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RTI and ELLs: Effective Instructional Strategies

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RTI and ELLs: Effective Instructional Strategies Sylvia Linan-Thompson, Ph.D. Sanibel Leadership Conference June 23, 2011 These are pap * * * * * * * * Don t ... – PowerPoint PPT presentation

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Title: RTI and ELLs: Effective Instructional Strategies


1
RTI and ELLs Effective Instructional Strategies
  • Sylvia Linan-Thompson, Ph.D.
  • Sanibel Leadership Conference
  • June 23, 2011

2
Practice Guides
  • Effective Literacy and English Language
    Instruction for English Learners in the
    Elementary Grades
  • Assisting Students Struggling with Reading
    Response to Intervention and Multi-Tier
    Intervention in the Primary Grades

3
RtI and ESL Programs
4
Parallel Programs
5
Five practice guide recommendations
6
Five practice guide recommendations
7
Assessment
8
RtI and ELL Practice Guide Recommendations
Assessment
9
Recommendation 1 RtI
  • Screen students for potential reading problems
    at the beginning of the year and again in the
    middle of the year.
  • Regularly monitor the progress of students who
    are at elevated risk for developing reading
    disabilities.
  • Level of Evidence Moderate

10
Recommendation 1 ELL
  • Universal screening and formative assessments
    with ELs using English language measures of
    phonological awareness, letter knowledge, and
    word and text reading. Use data to identify ELs
    who need additional instructional support
  • Scientific evidence base Strong.

11
Screening
  • Students oral language proficiency alone is not
    a valid predictor of reading success or failure
    but it is important to take it into account and
    it may have more of an impact as students get
    older.
  • A one-point-in-time measure is not always enough.
  • Examine students scores in relationship to
    established goals and language program.

12
Relationship between ORF and State Assessment
(Kung, 2009)
  • 130 cwpm at 3rd grade
  • Non-ELL 90
  • Non-ELL and low SES 75
  • High English proficiency 68
  • Low English proficiency 29
  • 130 cwpm at 5th grade
  • Non-ELL 82
  • Non-ELL and low SES 62
  • High English proficiency 58
  • Low English proficiency 19

13
Examine students scores in relationship to
established goals and language experience
14
Jessica
  • Received Spanish instruction in pre-k and k and
    is transitioning to English is 1st.
  • On Spanish measures, she is in the established
    range.
  • (Linan-Thompson Ortiz, 2009)

15
Daniel
  • Received Spanish instruction in pre-k and k and
    is transitioning to English is 1st.
  • On Spanish measures, he is in the emerging range.
  • (Linan-Thompson Ortiz, 2009)

16
Jose
  • Is an ELL who has received English instruction
    since pre-k.
  • (Linan-Thompson Ortiz, 2009)

17
Recommendation 4 RtI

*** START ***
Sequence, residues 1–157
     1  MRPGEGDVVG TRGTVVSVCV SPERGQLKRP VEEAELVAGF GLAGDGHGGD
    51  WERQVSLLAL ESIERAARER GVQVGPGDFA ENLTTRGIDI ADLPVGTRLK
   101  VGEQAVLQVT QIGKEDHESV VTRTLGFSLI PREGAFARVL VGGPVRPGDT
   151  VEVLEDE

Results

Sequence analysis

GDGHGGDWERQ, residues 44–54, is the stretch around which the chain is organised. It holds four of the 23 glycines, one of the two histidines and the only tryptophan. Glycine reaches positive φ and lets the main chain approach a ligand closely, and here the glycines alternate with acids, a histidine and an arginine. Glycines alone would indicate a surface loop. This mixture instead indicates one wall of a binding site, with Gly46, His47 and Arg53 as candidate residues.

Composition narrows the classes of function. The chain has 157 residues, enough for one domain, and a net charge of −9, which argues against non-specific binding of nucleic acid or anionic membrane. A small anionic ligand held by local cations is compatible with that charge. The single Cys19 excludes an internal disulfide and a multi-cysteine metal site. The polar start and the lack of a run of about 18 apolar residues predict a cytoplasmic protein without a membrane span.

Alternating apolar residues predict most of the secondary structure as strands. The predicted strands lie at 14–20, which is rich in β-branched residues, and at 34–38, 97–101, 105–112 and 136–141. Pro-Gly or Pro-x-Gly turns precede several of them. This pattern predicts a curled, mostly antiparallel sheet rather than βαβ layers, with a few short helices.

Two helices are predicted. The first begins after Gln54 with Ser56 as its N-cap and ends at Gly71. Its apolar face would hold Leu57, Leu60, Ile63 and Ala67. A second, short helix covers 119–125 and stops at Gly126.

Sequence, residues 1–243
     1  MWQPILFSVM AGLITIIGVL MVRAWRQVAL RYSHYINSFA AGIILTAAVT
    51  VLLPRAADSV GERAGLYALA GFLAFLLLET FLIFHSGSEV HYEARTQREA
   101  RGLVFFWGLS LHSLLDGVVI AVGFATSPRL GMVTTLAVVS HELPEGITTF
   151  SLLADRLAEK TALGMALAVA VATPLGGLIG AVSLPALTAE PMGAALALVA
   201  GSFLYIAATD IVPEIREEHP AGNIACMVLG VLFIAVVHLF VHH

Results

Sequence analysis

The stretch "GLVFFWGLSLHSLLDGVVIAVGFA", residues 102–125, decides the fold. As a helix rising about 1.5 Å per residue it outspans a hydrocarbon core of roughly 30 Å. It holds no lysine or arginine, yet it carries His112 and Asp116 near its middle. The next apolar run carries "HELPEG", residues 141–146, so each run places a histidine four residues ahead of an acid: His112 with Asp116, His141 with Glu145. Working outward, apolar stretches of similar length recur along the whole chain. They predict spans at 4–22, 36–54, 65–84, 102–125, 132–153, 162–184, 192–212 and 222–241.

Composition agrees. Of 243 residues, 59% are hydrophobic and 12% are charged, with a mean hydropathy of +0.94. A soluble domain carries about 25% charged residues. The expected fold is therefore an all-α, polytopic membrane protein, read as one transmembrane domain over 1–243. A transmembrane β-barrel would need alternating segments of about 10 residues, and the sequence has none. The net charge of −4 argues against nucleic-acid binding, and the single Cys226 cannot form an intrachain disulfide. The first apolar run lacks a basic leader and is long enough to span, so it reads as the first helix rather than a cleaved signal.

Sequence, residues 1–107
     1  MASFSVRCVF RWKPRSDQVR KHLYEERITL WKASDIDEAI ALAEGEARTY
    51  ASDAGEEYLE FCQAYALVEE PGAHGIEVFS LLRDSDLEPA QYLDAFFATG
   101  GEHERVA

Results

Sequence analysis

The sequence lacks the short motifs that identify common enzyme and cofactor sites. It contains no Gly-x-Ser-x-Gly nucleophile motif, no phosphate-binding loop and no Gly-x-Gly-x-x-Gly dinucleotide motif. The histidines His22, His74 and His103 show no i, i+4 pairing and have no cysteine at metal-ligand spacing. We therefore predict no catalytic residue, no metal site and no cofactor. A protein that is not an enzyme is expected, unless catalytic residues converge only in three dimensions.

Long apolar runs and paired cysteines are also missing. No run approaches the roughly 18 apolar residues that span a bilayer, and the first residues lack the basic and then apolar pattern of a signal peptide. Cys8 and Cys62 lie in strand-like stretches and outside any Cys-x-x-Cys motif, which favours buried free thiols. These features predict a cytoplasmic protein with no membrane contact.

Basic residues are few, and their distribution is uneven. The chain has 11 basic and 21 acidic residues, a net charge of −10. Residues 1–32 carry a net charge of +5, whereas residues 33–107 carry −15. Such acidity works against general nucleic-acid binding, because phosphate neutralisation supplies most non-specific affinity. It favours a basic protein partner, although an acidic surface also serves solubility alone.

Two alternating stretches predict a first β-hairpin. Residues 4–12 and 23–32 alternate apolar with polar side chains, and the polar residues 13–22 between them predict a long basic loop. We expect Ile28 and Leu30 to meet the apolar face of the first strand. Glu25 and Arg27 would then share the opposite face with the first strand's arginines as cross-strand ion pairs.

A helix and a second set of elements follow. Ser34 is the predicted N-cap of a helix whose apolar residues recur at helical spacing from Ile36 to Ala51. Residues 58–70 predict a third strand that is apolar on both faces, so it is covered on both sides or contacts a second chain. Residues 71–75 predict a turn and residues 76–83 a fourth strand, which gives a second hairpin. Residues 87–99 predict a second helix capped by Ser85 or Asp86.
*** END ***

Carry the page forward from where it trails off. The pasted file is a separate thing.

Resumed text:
• Monitor the progress of tier 2 students at
    least once a month. Use these data to determine
    whether students still require intervention. For
    those still making insufficient progress,
    school-wide teams should design a tier 3
    intervention plan.
  • Level of Evidence Low

18
Suggestions
  • Select a set of efficient screening measures that
    identify children at risk for poor reading
    outcomes with reasonable accuracy.
  • Develop data-driven decision rules for providing
    differentiated instruction to students at varied
    reading and language proficiency levels for part
    of the day.
  • Provide training for teachers on how to collect
    and interpret student data on reading efficiently
    and reliably.

19
Integrate RTI and the identification of ELLs
  • Rather than have 2 parallel systems determine how
    the two will work together.
  • Consider data in light of students language
    proficiency and their opportunities to learn.
  • Consider the norming sample of assessments used.
  • Consider with whom interventions have been
    validated.

20
Screening and Progress Monitoring Tool Charts
  • http//www.rti4success.org/index.php?optioncom_co
    ntenttaskviewid1091Itemid139
  • http//www.rti4success.org/chart/progressMonitorin
    g/progressmonitoringtoolschart.htm

21
Instruction Tier 1
22
RtI and ELL Practice Guide Recommendations
Differentiation
23
Recommendation 3 ELL
  • Provide high-quality vocabulary instruction
    throughout the day. Teach essential content words
    in depth. Also, use instructional time to address
    common words, phrases, and expressions ELLs do
    not know.
  • Scientific evidence base Strong.

24
Importance
  • Growth trajectories in English reading for ELs
    who enter kindergarten with limited oral English
    proficiency lead to large differences
  • in achievement compared to native English
    speakers by fifth grade (Kieffer, 2008).
  • Language knowledge and language proficiency
    differentiate good and poor readers (Gersten).
  • Background knowledge is linked to language.

25
In general, ELLs
  • have fewer opportunities to engage in academic
    discussions,
  • to be exposed to rich content instruction, and
  • to have good language models among their peers.

26
Recommendation 3 Specifics
  • Use evidence-based approaches to teach
    vocabulary.
  • An important percentage of this instruction
    should be explicitparticularly for words ELLs
    should use in different forms of communication.
  • Rule of thumb
  • multiple days,
  • multiple media (print, oral, writing)
  • Multiple times during the day
  • Multiple means about 3 here..

27
Explicit Vocabulary Instruction
  • Pronounce the word
  • Word consciousness
  • Student friendly definition
  • Give examples and non-examples.
  • Give students opportunities to create powerful
    sentences
  • Give students opportunities to encounter the word
    throughout the lesson.

28
Recommendation 3 Specifics
  • Core reading programs and other sources should be
    used to identify words.
  • But you need to pick out the right words.

29
Recommendation 3 Specifics